Purdue can’t escape from the Groundhog Day of violating the same student rights
Last year the 7th U.S. Circuit Court of Appeals ruled that Purdue University had put an accused student through a “fundamentally unfair” Title IX proceeding.
It didn’t review the investigative report before finding him guilty of sexual assault. It hid the report from him. It didn’t require his accuser to submit testimony or attend the adjudication hearing, much less submit to cross-examination. It ignored his accuser’s ulterior motive for accusing him.
The public university led by Mitch Daniels (above), the former Indiana governor and longed-for presidential candidate, doesn’t appear to have learned anything from that ruling. And it’s time that Daniels, perhaps the most innovative university president in the country, get his house in order or risk a tainted legacy.
A federal judge has rebuked the taxpayer-funded institution for claiming she has no jurisdiction over a Title IX due process lawsuit by another accused student, and allowed all but one of the student’s claims to go forward.
As in the 7th Circuit ruling, Purdue’s conduct was so outrageous that U.S. District Judge Theresa Springmann didn’t even have to reach the question of whether “John Doe” has a constitutional right to cross-examine witnesses. His procedural claims were enough to survive the university’s motion to dismiss.
Brooklyn College Prof. KC Johnson, who chronicles Title IX litigation, tweeted this was the 179th “favorable decision” for an accused student since the Obama administration’s infamous “Dear Colleague” letter to colleges, which prompted them to adopt the procedures ripped to shreds by so many courts.
As occurred in CA7 Purdue ruling, district court declines to consider the x-examination issue b/c Purdue's process was unfair in so many other ways to acc'd student. pic.twitter.com/GJwlQFCZnG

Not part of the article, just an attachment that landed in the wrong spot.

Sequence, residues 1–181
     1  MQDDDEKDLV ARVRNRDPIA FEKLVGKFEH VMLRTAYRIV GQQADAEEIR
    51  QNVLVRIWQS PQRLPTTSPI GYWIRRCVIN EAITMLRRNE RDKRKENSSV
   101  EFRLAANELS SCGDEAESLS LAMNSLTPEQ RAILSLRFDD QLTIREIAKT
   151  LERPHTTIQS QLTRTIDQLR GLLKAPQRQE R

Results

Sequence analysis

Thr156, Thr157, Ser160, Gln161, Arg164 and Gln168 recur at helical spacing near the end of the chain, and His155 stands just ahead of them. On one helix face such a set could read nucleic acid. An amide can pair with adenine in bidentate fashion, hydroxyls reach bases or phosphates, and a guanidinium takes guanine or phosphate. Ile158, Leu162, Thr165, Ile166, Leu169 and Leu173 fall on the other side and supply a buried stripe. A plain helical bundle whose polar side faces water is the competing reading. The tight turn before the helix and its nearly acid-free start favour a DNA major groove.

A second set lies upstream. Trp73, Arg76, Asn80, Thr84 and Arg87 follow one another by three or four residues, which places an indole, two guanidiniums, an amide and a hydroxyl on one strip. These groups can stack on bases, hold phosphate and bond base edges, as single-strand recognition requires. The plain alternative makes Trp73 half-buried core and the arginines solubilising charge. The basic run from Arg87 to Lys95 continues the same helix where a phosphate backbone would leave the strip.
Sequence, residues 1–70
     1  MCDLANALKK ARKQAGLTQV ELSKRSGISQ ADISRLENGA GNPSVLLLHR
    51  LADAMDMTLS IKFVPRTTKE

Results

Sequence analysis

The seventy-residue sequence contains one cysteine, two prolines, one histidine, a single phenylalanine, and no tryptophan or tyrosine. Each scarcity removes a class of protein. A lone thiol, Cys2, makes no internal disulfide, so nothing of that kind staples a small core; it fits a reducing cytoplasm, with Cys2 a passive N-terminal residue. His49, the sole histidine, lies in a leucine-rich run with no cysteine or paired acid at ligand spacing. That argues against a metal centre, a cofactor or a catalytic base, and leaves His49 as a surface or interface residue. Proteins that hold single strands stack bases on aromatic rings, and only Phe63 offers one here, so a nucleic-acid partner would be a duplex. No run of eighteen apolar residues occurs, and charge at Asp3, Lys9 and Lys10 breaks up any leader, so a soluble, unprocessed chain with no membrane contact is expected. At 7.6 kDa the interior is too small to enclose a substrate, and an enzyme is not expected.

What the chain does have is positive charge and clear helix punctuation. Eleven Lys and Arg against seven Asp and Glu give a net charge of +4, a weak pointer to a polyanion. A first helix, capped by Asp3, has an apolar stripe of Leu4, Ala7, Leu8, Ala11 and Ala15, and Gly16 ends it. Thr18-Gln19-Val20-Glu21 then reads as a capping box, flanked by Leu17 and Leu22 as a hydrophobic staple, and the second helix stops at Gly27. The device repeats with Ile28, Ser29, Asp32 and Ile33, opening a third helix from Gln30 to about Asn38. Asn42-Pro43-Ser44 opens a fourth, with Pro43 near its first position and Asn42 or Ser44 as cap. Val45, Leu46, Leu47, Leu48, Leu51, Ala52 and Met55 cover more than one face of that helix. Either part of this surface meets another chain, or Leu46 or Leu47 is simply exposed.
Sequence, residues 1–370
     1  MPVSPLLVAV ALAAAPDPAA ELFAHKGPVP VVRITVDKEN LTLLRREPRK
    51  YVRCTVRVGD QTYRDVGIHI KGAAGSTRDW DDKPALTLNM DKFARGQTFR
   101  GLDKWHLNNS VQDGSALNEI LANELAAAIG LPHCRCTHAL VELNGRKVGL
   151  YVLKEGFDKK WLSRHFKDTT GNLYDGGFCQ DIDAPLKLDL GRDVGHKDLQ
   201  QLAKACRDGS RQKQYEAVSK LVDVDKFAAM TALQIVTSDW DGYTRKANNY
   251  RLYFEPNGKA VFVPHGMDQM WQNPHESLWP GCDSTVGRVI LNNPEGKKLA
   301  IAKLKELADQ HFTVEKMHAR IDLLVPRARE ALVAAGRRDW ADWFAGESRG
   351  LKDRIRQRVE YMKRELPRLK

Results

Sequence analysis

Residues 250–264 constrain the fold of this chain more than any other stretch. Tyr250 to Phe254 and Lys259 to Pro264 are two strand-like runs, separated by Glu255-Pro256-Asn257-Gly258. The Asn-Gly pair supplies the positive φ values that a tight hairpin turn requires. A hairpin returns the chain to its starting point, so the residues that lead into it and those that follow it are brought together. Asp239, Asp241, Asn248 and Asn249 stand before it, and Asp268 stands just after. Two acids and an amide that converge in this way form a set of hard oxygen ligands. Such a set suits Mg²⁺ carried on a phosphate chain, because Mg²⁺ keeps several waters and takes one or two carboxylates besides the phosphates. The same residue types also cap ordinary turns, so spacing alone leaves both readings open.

— KC Johnson (@kcjohnson9) June 1, 2020
According to John’s version of events, John and “Jane Roe” got intimate at a party in August 2018 and went back to her dorm room to ramp up the amorous activities, but stopped before they had intercourse. A resident advisor heard her claim that he sexually assaulted her and reported the incident.
John’s suspension letter claimed that he repeatedly violated Jane’s consent both at the party and her dorm room. Christie Wright, who has since been promoted to director of the Office of Institutional Equity, and investigator Jeff Rooze showed no interest in exculpatory evidence and refused to provide John “security camera film” that would cast doubt on Jane’s story.
The university refused to give him a copy of the preliminary report and “recordings, documents, and other information gathered during the investigation,” simply allowing him to take notes on the report in a “secure location.” The report left out exculpatory evidence completely, according to John.
In response to John’s dispute of that report, Wright and Rooze prepared a “concealed report” that they gave to the adjudication panel but again hid it from John.
The panel only heard testimony from Wright, Rooze, John and Jane, though it wouldn’t let John hear their testimony, much less cross-examine them. He claims his dispute of the preliminary report was left out of the written materials they considered, and none of them asked him about exculpatory evidence.
Dean of Students Katherine Sermersheim (left), who convened the panel, “posed numerous questions and comments based upon sex-based stereotypes,” as did another panel member.
John appealed the panel’s guilty verdict and his expulsion, arguing Jane’s story was “inconsistent and contradicted by several bystanders” and that the panel violated Purdue’s own rules. Vice President for Ethics and Compliance Alysa Rollock overturned the findings from the party but not Jane’s dorm room, leaving his expulsion intact.